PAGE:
Is she worried that she might be peaking too early in this long Olympic year?

"Yes, it's good for Seoul. There I not run 800, only 1,500."

O.K., but are you peaking too early?

"Yes, I go with happiness to Budapest for European Indoor Championships."

Sigh. We shall not know, until Seoul, if Melinte left her best races indoors.

But if it was loquacity, not opacity, you wanted, you had only to turn to the men's mile, where the pride of Cork, Ireland, one Marcus O'Sullivan, held forth.

He had won the Wanamaker Mile in 3:56.89 a week earlier with a rocket finish. Now he wanted to run hard for a whole mile. He put together an Irish syndicate to see to that. "Kieran Stack, a fellow Corkman, was to hit 57 and 1:55," said O'Sullivan. "Then Gerry O'Reilly was to go on to three-quarters in 2:55. Then I hoped to tack on a 57 or so for under 3:53."

Since his best indoors was (ah, that clue again) 3:56.05, it seemed a bold plan. It turned out to be modest.

World indoor record holder Eamonn Coghlan, out this season with a sore back, fired the gun. Stack led O'Reilly through the quarter in 55.9, too fast, but O'Sullivan wisely stayed back in third, in 57.6. At the half O'Sullivan was 1:56.9, a little slower than he would have wished, especially as two redoubtable milers, Peter Elliott of Great Britain and Jose Luis Gonzalez of Spain, the World Championships 1,500-meter silver medalist, were just five yards behind. Both were waiting for the Irishman to spend himself before the finish.

But O'Sullivan was actually saving. "I've never felt as easy in a fast race as I have tonight," he would say.

O'Reilly took the lead at the half and dutifully chugged on. "I started to trip over Gerry's heels," said O'Sullivan. "I was getting agitated, but I wasn't prepared to go until the last quarter."

O'Reilly hit the three-quarter mark in 2:54.8. Then he went wide, and the antsy O'Sullivan shot through on the inside. Now the world could see how fresh he was. The gap to Elliott quickly grew to 15 yards.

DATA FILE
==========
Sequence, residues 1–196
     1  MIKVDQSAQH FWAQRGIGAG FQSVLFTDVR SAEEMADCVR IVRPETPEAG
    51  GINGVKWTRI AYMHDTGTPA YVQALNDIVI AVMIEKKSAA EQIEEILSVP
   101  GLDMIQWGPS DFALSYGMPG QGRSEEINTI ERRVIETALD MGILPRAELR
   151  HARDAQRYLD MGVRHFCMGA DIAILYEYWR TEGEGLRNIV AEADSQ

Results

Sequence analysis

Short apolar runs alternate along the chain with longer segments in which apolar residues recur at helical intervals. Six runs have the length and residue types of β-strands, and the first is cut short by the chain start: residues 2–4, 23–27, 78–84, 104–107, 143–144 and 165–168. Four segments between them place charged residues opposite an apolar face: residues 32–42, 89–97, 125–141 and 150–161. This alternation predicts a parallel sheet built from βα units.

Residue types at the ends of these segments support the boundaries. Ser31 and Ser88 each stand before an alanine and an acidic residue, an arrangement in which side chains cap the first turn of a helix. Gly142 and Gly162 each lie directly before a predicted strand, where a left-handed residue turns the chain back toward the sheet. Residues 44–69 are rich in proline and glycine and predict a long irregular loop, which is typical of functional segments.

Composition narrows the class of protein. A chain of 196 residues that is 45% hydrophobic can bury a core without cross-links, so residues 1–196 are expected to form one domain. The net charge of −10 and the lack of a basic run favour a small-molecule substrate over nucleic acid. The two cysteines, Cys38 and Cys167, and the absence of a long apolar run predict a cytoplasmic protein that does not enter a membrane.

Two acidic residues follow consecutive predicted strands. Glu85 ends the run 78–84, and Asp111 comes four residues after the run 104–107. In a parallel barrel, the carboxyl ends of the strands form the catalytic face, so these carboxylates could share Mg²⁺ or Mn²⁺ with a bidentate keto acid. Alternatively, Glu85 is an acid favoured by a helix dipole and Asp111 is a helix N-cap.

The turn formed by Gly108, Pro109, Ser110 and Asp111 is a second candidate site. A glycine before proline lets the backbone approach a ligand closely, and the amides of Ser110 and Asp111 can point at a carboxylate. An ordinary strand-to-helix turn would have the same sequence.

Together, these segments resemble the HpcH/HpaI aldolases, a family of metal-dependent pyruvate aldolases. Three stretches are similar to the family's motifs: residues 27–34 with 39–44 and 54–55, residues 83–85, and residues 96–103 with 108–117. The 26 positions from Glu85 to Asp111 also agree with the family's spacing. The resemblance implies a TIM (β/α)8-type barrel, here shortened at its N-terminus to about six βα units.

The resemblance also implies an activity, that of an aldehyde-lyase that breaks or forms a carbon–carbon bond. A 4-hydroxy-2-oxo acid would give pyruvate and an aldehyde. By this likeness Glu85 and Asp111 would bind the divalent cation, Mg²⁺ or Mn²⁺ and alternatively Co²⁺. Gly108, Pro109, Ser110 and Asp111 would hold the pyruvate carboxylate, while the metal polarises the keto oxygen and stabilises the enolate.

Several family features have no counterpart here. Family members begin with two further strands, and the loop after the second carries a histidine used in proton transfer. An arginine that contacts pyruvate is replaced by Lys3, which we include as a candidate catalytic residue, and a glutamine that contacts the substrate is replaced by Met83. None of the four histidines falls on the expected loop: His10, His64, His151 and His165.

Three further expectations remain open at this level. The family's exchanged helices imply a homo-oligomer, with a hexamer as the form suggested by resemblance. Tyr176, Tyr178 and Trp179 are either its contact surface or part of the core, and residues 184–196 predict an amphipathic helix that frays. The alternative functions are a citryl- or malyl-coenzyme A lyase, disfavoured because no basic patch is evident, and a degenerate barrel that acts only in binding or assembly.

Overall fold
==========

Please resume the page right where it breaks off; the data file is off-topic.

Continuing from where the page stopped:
When firing the starting gun, Coghlan had thought, "I'm firing Marcus to my world record." That is (note the enduring tense) 3:49.78, the only sub-3:50 indoor mile ever run, set on this track in 1983. But O'Sullivan, finishing grandly fresh with a :56 quarter, reached the fine in 3:50.94, barely a second shy of the world, Irish, track and Villanova alumni record.

"It's proof that I have a good mile, a sub-3:50 mile in me," he said, tickled. "I'd been forcing my training, doing too much, trying to run both mileage and speed work at the same time. Finally I started to rest more, to space out the work, and the improvement came. And maybe it's good not to do 3:50 now. It will keep my appetite for outdoors."

And then there was, and is, and ever shall be Jackie Joyner-Kersee, who was drawn to this arena's swift long-jump runway. You could say her problem was one of appetite, too, for at the end of every runway there is a pit, and this one didn't extend much farther than Joyner-Kersee's target area near 24 feet.

Earlier in the day her archrival, Heike Drechsler of East Germany, had extended her own world indoor record by two inches, to 24'2¼", in Vienna. Jackie's husband-coach, Bob Kersee, didn't tell her, figuring she had enough to worry about just being brave.

"She's in the air and sees the end of that pit coming at her," he said after her first three jumps yielded a mere 22'2½", "and she throws back her arms and comes down like a guy sliding into second. Outdoors, where she knows there's a lot of room, she stays extended until she lands so she sticks in the pit and stays there, all her momentum used up."

Those were her orders for her fourth jump, and she whumped down at 23'½", breaking her American indoor record by two inches. "But I'm still dropping out of the air too soon," said Joyner-Kersee later. Given world enough and sand, she'll probably stay aloft for 25 feet.

"Indoors is such a circus," she added. Her words were of little comfort to the rueful Coe, who had no excuses save a lack of racing sharpness. "I guess it's good to be reminded of the cut and thrust of competition," he said.

"Apart from that," he was asked, "how was your visit?"

Coe thought it over and answered with a question. "Apart from that, Mrs. Lincoln, how did you enjoy the play?"

PHOTOANTHONY NESTECoe's first U.S. indoor race was almost as taxing as the cab ride from the airport. PHOTOJAMES DRAKESore tendon and all, Abshire lowered the previous mark by 3.33 seconds, to 7:41.57. PHOTOJAMES DRAKEJoyner-Kersee's high-flying talents could scarcely be contained in the long-jump pit.

Eagle (-2)
Birdie (-1)
Bogey (+1)
Double Bogey (+2)